Running as though we could lose the trauma that our lives had become, we left our neighborhood behind and crossed the traffic of Gilbert Road, to the safety of the local convenience store. My sister and I dug into our pockets and found enough change to buy each of our brothers a coke or a sugery treat to ease the pain.
My sister and I couldn't calm down. Visions of my father potentially hurting my mother kept flashing across my eyes. I needed to be there to protect her, I told myself. "I'm going back," I told my sister.
"We're coming with you," she replied.
So like lost ducklings we walked back to the house with a weight on our hearts like we were approaching our own execution. Upon return we found the situation unchanged and no champion to defend. So we sat against the walls, staring into the nothingness as our brothers finished their treats.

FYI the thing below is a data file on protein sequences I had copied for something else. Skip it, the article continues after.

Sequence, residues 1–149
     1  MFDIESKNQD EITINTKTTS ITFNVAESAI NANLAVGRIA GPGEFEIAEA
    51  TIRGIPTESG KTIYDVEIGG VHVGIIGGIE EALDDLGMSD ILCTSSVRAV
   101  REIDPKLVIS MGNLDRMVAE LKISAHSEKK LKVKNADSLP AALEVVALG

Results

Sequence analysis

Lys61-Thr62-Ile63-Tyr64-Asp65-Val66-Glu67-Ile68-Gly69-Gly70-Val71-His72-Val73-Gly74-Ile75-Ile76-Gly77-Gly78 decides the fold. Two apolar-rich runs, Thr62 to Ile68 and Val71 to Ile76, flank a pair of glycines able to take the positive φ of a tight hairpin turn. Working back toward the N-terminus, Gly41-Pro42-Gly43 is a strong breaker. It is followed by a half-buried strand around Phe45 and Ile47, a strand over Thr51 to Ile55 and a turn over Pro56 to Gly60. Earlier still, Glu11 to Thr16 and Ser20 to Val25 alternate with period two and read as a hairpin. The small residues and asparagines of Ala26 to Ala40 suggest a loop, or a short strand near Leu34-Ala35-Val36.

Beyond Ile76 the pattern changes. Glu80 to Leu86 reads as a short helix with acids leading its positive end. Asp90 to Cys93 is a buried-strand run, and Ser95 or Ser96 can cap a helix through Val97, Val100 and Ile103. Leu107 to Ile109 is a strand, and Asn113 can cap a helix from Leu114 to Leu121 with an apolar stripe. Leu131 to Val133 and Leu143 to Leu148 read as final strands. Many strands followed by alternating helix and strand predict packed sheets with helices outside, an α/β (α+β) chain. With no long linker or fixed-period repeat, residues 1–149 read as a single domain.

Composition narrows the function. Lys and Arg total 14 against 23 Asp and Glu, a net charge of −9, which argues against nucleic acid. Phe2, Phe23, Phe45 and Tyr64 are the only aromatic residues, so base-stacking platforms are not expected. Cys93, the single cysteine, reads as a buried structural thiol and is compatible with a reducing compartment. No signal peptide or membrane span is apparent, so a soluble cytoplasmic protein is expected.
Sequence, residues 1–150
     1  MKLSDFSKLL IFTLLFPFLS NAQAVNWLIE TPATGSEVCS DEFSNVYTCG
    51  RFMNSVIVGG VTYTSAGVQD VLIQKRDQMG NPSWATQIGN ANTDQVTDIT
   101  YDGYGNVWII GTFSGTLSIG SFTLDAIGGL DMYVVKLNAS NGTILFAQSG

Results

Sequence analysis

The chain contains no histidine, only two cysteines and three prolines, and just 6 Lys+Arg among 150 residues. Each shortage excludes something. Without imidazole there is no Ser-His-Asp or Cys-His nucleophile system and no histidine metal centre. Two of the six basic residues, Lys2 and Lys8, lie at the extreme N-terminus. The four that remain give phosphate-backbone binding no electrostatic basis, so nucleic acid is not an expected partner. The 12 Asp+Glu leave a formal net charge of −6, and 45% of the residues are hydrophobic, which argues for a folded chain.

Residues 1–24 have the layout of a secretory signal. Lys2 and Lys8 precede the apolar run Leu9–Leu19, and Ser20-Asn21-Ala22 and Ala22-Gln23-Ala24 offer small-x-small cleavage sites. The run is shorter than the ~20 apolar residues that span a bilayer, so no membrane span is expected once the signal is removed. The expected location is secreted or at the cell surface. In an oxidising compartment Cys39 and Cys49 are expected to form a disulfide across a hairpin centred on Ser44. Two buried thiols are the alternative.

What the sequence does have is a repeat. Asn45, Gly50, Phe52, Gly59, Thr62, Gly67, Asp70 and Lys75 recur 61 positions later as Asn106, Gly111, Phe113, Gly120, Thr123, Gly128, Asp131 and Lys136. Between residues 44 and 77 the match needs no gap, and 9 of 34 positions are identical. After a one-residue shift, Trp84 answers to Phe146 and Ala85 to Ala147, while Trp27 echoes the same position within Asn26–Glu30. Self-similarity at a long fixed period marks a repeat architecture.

For several weeks we lived this way, under a pressure like unbearable gravity that worked to crush us all. Our lives were packed away and in storage. We were sleeping on matresses on the floor, and "the enemy" was under the same roof. It was the most inexplicable torture we had experienced up until that point.
My mother scrounged up enough money to send me away to another month-long church activity. Leaving my family behind in their turmoil killed me. When I phoned home to check it, I always called my grandparents first to ask where my family was. The first few times they were still in the nightmare house. Two weeks after I had left, I found out that my mother had yet again run away from my father; this time she had taken my siblings to "New Eden."
And some counsellors,
I'm not going,
Back up in that house again.
In that house again.
I'm not sorry,
For what I'm feeling,
Blow the walls out,
Bring the ceiling to the ground.
I've had the nightmares,
Seen the counsellors,
I'm not going,
Back up in that house again.